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CRESA's Technical Services team's primary goal is the smooth operation and maintenance of the Agency's communications computer systems and networks, telephone systems, and the County's regional radio system. Technical Services directly supports CRESA's 9-1-1 Dispatch Operations, as well as its other divisions and many other public safety agencies within Clark County, Washington.
The Technical Services staff conducts preventative maintenance on major components and redundant systems to ensure communications systems will be available when needed. All major communication systems are tested regularly for resiliency to redundant systems when events dictate a fail-over. Each of the technical systems requires internal expertise as well as external resources.
800 MHz Radio System
The Regional Radio Systems Program is responsible for countywide radio communications infrastructure comprised of 800 MHz voice/data, microwave systems and the VHF county fire radio system. Today, the radio system serves over 2,375 subscriber units.
Computer Aided Dispatch (CAD)
Computer Aided Dispatch, known as "CAD," is the computer program that collects and processes enhanced 9-1-1 information including automatic number identification (ANI) and automatic location information (ALI), and also provides emergency unit location and availability.
9-1-1 Dispatchers use CAD to create emergency incidents; assign these incidents to law, fire or EMS responders based on CAD-generated unit recommendation; track resources; and track times associated with all 9-1-1 responses. CAD is the central collection point for almost all emergency incident information from sources including, telephone, radio, other dispatch system interfaces and Law and Fire databases.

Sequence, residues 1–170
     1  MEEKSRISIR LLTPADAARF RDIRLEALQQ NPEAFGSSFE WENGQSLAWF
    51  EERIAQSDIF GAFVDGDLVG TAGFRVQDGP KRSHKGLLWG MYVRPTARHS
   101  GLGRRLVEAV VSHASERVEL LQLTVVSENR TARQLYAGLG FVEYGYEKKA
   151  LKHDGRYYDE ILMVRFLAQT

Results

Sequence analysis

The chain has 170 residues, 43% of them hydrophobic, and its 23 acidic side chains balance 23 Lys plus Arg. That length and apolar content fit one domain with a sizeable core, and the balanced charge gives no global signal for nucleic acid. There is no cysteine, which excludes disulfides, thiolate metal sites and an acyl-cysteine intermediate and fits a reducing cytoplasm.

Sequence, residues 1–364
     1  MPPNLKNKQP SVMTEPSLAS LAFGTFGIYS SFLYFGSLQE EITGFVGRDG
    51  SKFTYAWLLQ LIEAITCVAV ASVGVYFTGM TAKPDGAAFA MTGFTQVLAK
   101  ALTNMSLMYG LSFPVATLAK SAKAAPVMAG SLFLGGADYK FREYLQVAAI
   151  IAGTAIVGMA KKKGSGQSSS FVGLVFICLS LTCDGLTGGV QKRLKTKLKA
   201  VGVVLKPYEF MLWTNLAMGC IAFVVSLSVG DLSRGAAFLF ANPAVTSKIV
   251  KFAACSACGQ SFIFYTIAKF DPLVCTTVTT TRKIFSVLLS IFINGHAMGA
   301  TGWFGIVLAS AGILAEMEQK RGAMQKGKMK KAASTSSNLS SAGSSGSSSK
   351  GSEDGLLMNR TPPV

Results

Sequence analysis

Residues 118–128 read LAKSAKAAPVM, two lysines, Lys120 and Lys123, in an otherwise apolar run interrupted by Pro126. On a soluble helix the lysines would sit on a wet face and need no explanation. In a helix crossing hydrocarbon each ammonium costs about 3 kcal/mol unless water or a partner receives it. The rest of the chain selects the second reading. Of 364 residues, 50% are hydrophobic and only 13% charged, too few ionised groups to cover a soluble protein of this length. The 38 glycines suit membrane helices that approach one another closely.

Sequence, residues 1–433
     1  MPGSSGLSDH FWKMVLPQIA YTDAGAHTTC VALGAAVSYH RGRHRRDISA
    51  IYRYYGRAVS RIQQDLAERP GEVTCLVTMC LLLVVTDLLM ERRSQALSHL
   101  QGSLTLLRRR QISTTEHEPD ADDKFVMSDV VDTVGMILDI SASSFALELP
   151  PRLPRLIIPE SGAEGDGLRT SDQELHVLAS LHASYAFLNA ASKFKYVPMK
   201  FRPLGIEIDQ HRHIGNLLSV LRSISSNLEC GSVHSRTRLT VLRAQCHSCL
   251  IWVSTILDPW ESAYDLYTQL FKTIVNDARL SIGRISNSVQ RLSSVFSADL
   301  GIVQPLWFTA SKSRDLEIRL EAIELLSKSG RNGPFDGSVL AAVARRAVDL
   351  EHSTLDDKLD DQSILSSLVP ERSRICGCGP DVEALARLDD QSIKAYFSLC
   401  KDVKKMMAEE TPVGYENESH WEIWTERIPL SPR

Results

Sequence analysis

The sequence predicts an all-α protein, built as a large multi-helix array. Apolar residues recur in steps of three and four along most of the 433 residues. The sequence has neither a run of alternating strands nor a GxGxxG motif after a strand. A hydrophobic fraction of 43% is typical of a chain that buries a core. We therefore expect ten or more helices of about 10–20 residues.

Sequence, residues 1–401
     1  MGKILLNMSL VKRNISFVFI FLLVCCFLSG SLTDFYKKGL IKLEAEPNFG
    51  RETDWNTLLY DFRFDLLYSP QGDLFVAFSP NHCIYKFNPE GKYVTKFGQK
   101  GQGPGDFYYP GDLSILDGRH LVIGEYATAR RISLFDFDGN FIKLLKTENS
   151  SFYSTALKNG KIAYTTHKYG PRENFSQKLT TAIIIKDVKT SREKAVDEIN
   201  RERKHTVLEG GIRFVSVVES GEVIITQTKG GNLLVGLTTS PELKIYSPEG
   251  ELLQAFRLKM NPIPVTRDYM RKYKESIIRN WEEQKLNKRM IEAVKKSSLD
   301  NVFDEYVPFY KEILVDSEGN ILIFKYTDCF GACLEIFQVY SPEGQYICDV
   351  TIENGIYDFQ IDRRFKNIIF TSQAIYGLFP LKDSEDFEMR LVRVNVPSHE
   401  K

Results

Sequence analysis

CAD functions let 9-1-1 Dispatchers perform their jobs with ease, accuracy, efficiency and speed. The CAD database provides a wealth of information which CRESA staff and user agencies collect and analyze information to constantly improve public safety.
Geographic Information Systems (GIS)
GIS works in conjunction with CRESA's Computer Aided Dispatch (CAD) to display geographic information on a computer map of Clark County. The location of 9-1-1 calls made from wireline phones displays on the map, as does the general location of cell phone callers who have Phase II compliant phones. The highly accurate data for the GIS map used by CAD is supplied to CRESA by Clark County GIS.
Automatic Vehicle Location (AVL)
This technology links vehicles equipped with AVL, such as ambulances, with CRESA's Computer Aided Dispatch (CAD) through geo-synchronous position satellites (GPS). With AVL equipment in place, it is possible to track public safety vehicles throughout Clark County on the CAD mapping program.
The ability to connect a 9-1-1 caller with the closest public safety resource, like an ambulance, saves valuable time during an emergency. The AVL routing program considers such information as speed limits and road impediments when plotting routes from the incident to determine which emergency vehicle should respond to the incident. The closest units are then recommended for dispatch to the incident.